I take heart in the fact that you are daily working to improve yourself. The path to greatness is not travelled in one giant leap. It is the accumulation of many miles that require a lifetime of walking. But although the journey be a thousand miles, your task each day is the same: make sure you take at least a single step.
Do not let your progress go to your head, however, and by no means should you preen your development before your fellow travelers. Nothing turns a sharp ear deaf more quickly than the listener sensing you feel superior to them.
Perhaps you have heard the phrase “pacing and leading” and wondered what it meant. It’s simply this. If you mean to influence another to change, you first have to come into harmony with them: I hear your words, I understand your situation, I feel your pain. It is not just on the mental plane that you seek to harmonize. You may breach the gates of their resistance by observing and subtly adopting the posture, emotions, and mannerisms of your audience. It is only when the gates have been unlocked, let alone flung open, that your words can find entry.
Once the resistance of your audience’s minds has been loosened by your pacing, then, and only then, do you have a chance to lead. You lead by showing the way, and not by forcing anyone along the path. The moment your pupils feel pushed, they will rear up like stubborn donkeys and go no further. He treads the path most surely when it is a path of his own choosing.
Numerous other ways in which you may spook the horse: either through an overly aggressive delivery or a manner of dress inconsistent with your message. Just as we would buy no suit from a disheveled tailor, take fitness lessons from the unfit instructor, or follow the health advice of the smoking doctor, so will your audience dismiss even your brightest observations if you deliver them from an inappropriate vessel. If you wish your fine wine to be enjoyed to the fullest, serve it from a crystal decanter. Although we struggle to discern others’ true intentions and inner thoughts, we have no such difficulty judging their appearance. True, appearance is irrelevant to the truth of your words, but for your words to work, you first must be heard.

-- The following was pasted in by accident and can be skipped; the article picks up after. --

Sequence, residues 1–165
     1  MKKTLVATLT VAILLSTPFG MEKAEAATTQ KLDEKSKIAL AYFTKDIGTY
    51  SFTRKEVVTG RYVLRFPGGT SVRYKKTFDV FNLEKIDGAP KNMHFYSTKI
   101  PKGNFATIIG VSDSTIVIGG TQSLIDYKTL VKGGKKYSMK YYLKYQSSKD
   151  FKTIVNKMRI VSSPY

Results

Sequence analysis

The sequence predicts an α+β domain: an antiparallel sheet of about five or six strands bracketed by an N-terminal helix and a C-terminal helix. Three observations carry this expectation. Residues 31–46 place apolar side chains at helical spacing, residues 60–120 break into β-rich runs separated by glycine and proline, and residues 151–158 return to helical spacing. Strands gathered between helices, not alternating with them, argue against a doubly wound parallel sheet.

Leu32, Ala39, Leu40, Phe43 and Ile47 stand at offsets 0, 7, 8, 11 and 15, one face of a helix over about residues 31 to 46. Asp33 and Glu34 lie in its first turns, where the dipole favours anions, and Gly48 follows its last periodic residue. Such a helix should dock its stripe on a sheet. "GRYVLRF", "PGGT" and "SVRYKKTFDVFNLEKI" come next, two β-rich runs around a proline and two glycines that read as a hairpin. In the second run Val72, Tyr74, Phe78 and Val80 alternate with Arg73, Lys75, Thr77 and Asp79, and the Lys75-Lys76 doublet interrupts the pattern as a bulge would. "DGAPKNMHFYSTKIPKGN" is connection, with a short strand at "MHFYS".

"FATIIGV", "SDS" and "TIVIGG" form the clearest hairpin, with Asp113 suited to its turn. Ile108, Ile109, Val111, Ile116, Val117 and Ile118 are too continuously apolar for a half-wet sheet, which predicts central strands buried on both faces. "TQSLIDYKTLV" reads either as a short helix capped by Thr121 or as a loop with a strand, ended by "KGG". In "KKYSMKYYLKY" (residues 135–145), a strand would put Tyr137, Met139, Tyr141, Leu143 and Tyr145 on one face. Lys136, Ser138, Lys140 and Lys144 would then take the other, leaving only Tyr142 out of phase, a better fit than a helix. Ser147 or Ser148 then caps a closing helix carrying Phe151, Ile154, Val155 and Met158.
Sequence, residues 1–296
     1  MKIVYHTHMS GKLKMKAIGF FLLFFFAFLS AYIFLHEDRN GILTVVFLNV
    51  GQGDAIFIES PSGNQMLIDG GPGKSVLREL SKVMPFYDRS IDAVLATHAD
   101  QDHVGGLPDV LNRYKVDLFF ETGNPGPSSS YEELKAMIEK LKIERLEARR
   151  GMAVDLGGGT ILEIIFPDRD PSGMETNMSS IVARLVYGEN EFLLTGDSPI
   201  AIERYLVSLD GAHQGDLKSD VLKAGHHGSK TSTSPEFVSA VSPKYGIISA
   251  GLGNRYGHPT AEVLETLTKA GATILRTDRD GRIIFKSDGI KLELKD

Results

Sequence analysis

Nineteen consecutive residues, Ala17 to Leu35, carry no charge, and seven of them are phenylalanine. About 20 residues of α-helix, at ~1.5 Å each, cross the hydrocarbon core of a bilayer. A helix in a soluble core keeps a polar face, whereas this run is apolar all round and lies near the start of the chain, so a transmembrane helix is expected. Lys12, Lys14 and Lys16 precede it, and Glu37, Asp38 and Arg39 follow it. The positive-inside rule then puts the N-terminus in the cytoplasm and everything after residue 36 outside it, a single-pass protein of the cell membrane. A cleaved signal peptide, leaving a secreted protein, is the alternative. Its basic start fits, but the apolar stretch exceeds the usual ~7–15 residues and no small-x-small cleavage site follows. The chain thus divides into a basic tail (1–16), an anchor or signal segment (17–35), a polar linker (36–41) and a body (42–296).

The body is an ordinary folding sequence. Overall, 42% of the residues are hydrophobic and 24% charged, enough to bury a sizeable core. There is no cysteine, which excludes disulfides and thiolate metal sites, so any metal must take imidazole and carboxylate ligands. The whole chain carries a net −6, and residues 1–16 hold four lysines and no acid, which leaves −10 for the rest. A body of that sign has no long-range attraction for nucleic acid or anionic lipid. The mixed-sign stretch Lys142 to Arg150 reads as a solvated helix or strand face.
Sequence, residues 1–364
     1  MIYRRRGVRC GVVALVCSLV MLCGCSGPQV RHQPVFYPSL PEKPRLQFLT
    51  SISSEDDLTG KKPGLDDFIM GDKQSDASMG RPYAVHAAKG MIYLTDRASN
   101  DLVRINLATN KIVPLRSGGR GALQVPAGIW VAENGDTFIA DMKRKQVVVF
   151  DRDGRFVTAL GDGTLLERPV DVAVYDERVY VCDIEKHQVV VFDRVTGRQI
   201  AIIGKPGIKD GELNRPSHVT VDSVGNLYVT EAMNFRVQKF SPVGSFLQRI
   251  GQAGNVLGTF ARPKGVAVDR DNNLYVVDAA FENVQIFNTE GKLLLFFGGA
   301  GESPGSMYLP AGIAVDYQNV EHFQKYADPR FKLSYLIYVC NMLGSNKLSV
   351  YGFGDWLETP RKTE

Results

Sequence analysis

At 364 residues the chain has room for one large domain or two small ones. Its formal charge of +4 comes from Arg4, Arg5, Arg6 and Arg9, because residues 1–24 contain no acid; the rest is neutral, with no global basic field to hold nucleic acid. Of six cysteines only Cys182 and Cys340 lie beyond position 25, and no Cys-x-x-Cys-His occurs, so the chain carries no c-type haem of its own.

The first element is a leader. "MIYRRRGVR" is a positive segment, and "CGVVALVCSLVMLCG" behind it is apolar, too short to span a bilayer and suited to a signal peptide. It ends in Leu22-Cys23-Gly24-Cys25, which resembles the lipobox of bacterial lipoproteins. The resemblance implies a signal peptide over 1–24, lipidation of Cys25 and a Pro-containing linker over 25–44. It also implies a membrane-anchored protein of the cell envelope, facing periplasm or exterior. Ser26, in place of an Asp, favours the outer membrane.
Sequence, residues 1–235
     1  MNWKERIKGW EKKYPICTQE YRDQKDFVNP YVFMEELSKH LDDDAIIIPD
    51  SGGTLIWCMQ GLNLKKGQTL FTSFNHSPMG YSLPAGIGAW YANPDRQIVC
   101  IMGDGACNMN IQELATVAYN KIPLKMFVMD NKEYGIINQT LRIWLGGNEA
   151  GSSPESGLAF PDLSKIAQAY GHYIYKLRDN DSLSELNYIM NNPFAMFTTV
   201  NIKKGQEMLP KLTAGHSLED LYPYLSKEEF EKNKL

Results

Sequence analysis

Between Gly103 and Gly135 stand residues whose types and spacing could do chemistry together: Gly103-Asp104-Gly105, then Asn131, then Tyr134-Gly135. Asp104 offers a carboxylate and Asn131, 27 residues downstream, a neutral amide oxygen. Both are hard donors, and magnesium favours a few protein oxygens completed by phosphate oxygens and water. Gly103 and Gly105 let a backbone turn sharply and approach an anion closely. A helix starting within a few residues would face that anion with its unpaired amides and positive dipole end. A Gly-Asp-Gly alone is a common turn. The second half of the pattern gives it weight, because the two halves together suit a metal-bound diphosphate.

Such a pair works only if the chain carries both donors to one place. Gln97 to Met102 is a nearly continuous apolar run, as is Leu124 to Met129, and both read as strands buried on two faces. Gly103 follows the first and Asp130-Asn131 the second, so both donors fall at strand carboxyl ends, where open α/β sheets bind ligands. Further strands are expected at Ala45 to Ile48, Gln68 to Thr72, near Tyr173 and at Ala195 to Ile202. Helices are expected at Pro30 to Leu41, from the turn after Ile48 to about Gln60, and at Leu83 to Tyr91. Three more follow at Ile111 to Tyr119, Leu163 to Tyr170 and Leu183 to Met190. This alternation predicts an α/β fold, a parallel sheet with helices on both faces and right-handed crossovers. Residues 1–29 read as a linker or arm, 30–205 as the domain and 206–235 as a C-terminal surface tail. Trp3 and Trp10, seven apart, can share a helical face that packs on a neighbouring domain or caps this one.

Nor should you make the opposite mistake of dressing yourself too ornately, for this too will strike your audience falsely. If your audience is one that is comfortable in jeans, why then so must you be if you hope to have them hear you. And if to another group casual Friday means not wearing the pin-striped vests of their three-piece suits, then you may break out your suit and tie. Know your audience first by fitting in with them, and they will know the truth of your words.
Here for your daily improvement is an idea that will give you companionship on many a quiet night’s contemplation. The Buddha advises us to let go of both grasping and aversion. Cease to desire, and your monkey mind will be calmed. Cease to push away things you dislike, and likewise will you calm your troubled spirit. “But how,” you ask “can avoiding two polar opposites create the same effect?” In this way, my dear Deuteros: though they seem like opposites, they are in fact the same. Just as gravity causes the feather and the cannon ball to fall at the same rate, so grasping and aversion both find the same cause in our fear.
In the case of grasping, we fear not getting that which we desire (or losing that which we have acquired). In the case of aversion, we fear being confronted with that which is hateful or painful. The fear is rooted in another cause, namely not centering your mind in the present. It is only in the future that we may lose what we currently possess, or be harmed by that which may afflict us. To be able to see into the future the consequences of our actions is humankind’s greatest advantage. But this foresight comes at the cost of carrying back haunts and demons that bedevil us.
Banish worries about tomorrow to where they belong – the future! They have no place in your daily meditation.